As the end of the semester nears, some students turn to prescription drugs — like Concerta, Vyvanse and, more commonly, Adderall — to increase their focus level and work longer hours.
The drugs are intended for the treatment of Attention Deficit Disorder (ADD) and Attention Deficit Hyperactivity Disorder (ADHD), as well as narcolepsy, but many college students use drugs like Adderall as a study aid.
The drug Adderall is readily available on campus.
“You can get Adderall anywhere,” said a junior majoring in business and finance, who, like most students quoted in this article, requested anonymity to speak frankly about an illegal practice. “Just walk up to anyone on campus and ask ‘do you know where I can get Adderall?’ and they’ll be able to tell you. I’d say 70 percent of the people in the [Glenn G. Bartle] Library are on it.”
A 2010 study published in the journal Addiction found that 25 percent of students enrolled at 119 competitive American universities had used the drug as a study aid.
Adderall is an addictive substance, especially when used and abused over a prolonged amount of time. Students who abuse Adderall put themselves at risk for stroke, heart attack, psychosis and seizures. The use and possession of substances not prescribed to the user is punishable under the federal Controlled Substances Act and may result in jail time.
David Werner, an assistant professor of psychology at Binghamton University, said the use of prescription drugs as study aids is dangerous.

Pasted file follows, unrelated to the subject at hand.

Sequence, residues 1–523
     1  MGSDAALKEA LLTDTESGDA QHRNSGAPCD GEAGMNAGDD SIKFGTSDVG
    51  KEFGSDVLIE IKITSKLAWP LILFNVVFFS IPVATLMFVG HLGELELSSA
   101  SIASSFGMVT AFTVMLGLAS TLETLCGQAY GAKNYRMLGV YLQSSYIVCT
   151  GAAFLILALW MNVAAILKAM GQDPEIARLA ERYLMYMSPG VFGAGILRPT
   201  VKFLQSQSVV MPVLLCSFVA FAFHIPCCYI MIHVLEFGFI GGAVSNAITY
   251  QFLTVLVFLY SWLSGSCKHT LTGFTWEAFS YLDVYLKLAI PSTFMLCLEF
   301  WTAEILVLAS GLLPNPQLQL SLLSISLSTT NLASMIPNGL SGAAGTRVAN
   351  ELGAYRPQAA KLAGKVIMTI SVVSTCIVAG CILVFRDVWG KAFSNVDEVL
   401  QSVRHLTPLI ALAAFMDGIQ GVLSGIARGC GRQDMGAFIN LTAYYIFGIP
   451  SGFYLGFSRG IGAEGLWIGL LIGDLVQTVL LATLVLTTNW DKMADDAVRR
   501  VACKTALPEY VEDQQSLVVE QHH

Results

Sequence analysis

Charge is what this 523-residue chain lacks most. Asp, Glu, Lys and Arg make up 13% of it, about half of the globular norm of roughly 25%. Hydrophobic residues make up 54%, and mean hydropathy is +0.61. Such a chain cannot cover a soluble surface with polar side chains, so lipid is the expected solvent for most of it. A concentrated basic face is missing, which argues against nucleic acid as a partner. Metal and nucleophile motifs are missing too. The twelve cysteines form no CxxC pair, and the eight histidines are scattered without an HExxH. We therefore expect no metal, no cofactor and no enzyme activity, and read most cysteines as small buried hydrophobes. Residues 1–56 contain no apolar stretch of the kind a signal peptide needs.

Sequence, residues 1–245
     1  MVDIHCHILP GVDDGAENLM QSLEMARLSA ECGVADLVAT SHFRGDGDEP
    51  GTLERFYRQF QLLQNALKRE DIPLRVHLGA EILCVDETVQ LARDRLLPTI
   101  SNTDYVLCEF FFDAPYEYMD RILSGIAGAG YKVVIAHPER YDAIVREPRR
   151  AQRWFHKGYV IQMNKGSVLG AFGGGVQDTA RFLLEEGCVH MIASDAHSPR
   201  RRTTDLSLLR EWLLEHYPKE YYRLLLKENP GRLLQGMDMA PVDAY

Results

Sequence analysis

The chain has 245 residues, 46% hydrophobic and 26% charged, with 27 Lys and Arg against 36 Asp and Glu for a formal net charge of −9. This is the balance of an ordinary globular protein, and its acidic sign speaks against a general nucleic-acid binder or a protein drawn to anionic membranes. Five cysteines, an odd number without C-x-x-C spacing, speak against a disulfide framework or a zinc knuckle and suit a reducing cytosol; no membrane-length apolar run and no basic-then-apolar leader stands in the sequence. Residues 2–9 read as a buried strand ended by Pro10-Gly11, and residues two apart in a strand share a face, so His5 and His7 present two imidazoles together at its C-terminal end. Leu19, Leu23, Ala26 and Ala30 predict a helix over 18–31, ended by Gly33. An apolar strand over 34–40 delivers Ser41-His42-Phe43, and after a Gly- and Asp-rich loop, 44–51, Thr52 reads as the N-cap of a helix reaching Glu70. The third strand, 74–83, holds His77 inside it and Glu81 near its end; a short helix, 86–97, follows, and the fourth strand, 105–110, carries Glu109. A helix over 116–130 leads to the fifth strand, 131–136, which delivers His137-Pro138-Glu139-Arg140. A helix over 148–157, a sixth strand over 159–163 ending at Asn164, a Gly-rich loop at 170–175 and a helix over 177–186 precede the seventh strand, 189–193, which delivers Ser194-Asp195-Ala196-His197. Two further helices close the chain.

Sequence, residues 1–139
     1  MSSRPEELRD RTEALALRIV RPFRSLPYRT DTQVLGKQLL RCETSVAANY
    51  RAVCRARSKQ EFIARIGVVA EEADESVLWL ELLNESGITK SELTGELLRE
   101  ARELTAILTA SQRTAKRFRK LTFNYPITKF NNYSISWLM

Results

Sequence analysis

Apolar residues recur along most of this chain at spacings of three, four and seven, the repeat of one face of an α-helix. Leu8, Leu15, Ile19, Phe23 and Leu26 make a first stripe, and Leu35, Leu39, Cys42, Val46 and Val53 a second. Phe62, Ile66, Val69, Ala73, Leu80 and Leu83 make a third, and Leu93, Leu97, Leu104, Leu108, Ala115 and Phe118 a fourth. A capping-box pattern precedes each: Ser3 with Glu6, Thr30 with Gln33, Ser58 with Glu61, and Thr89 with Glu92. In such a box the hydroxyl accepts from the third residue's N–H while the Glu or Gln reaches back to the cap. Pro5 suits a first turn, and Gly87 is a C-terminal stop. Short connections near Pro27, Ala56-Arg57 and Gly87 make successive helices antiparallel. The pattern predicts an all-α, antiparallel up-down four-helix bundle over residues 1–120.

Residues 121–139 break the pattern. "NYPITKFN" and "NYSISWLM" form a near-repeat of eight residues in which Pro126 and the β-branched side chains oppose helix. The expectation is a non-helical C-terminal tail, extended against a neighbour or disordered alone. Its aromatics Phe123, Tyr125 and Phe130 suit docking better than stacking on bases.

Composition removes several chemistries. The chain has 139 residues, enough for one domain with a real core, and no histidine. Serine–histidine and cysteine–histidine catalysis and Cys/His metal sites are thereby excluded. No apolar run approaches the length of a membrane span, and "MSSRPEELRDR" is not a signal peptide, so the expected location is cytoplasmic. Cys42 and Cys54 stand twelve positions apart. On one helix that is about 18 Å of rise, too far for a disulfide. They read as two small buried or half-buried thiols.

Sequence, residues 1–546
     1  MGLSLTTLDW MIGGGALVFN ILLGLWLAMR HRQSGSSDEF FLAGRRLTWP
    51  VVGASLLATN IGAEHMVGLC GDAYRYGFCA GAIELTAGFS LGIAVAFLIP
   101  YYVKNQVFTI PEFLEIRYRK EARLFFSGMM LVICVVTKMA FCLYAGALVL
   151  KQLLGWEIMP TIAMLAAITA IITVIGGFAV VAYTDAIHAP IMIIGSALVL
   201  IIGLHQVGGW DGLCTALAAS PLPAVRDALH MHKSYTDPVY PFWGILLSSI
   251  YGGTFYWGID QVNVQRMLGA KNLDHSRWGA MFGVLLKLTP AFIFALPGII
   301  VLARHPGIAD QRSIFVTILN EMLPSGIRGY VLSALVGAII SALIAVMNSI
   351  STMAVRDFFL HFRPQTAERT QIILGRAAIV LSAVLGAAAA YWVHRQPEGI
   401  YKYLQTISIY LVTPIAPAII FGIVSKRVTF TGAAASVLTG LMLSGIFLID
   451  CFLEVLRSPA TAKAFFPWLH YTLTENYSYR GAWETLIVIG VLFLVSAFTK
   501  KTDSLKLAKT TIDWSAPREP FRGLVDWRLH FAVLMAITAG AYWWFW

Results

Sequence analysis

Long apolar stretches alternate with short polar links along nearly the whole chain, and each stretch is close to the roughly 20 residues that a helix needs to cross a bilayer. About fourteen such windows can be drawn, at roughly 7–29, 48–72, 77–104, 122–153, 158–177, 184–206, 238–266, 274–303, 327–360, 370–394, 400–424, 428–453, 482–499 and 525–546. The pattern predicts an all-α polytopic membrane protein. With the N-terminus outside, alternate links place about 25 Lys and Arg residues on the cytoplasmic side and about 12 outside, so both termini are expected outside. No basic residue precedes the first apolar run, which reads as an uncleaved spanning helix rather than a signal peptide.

“One, it’s illegal, that is the biggest problem,” Werner said. “Two, people are taking it and haven’t consulted someone about the ramifications and don’t know the interactions it could have.”
Werner also noted that there is an element of fairness that should be considered with the use of these drugs.
“People [who have a prescription] are taking them because they need them,” Werner said. “When people are taking them and they’re not prescribed, it’s like you’re giving yourself an advantage. I always like to use the analogy of using steroids in sports. Is it really fair? And the answer to that is no.”
Students reported that they paid $5, $10 or $15 a pill — depending on its size — to people ranging from drug dealers and acquaintances from home to peers on campus who have the drug prescribed to them, though some students with prescriptions simply provide Adderall to roommates and friends for free.
A sophomore majoring in electrical engineering acknowledged that he appreciates Adderall.
“It helps me focus, helps me stay awake, makes me think a lot,” he said. “It’s helpful.”
He added, however, that Adderall is “definitely not something people should take frequently.”
Some use the drug to study, whereas other students use it when they have large reading assignments or have to write a long paper.
“I don’t use them to study, I use them to read or write papers,” said a sophomore majoring in human development.
But he also added a note of caution.
“During my freshman year someone told me, ‘Adderall is like an old wife. Great at first, then she drives you crazy,'” he said.
Werner said students have other study options.
“Students are looking for an edge, looking for an easy way out,” Werner said. “They may panic and feel they may need something to help them. If they’re going to do well on exams and retain information, then old-school methods are best.”
Alexander Weinberg, a junior double-majoring in psychology and biology, agreed that Adderall was unnecessary for studying.
“I’m not surprised that so many people use [Adderall],” Weinberg said. “They think it actually helps, but it doesn’t.”